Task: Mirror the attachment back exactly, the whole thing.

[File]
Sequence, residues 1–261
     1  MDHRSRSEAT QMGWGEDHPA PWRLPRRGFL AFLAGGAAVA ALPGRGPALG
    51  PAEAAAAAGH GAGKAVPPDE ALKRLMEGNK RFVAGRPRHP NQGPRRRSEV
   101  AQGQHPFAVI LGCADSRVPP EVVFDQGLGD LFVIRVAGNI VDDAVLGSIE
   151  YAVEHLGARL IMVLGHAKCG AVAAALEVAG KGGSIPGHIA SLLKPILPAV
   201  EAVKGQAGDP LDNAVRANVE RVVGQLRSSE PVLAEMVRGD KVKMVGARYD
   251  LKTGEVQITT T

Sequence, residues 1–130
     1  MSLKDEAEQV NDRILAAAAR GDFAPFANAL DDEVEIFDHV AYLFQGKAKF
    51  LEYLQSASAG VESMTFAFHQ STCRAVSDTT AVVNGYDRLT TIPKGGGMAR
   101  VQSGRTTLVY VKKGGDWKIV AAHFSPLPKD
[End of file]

Sequence, residues 1–261
     1  MDHRSRSEAT QMGWGEDHPA PWRLPRRGFL AFLAGGAAVA ALPGRGPALG
    51  PAEAAAAAGH GAGKAVPPDE ALKRLMEGNK RFVAGRPRHP NQGPRRRSEV
   101  AQGQHPFAVI LGCADSRVPP EVVFDQGLGD LFVIRVAGNI VDDAVLGSIE
   151  YAVEHLGARL IMVLGHAKCG AVAAALEVAG KGGSIPGHIA SLLKPILPAV
   201  EAVKGQAGDP LDNAVRANVE RVVGQLRSSE PVLAEMVRGD KVKMVGARYD
   251  LKTGEVQITT T

Sequence, residues 1–130
     1  MSLKDEAEQV NDRILAAAAR GDFAPFANAL DDEVEIFDHV AYLFQGKAKF
    51  LEYLQSASAG VESMTFAFHQ STCRAVSDTT AVVNGYDRLT TIPKGGGMAR
   101  VQSGRTTLVY VKKGGDWKIV AAHFSPLPKD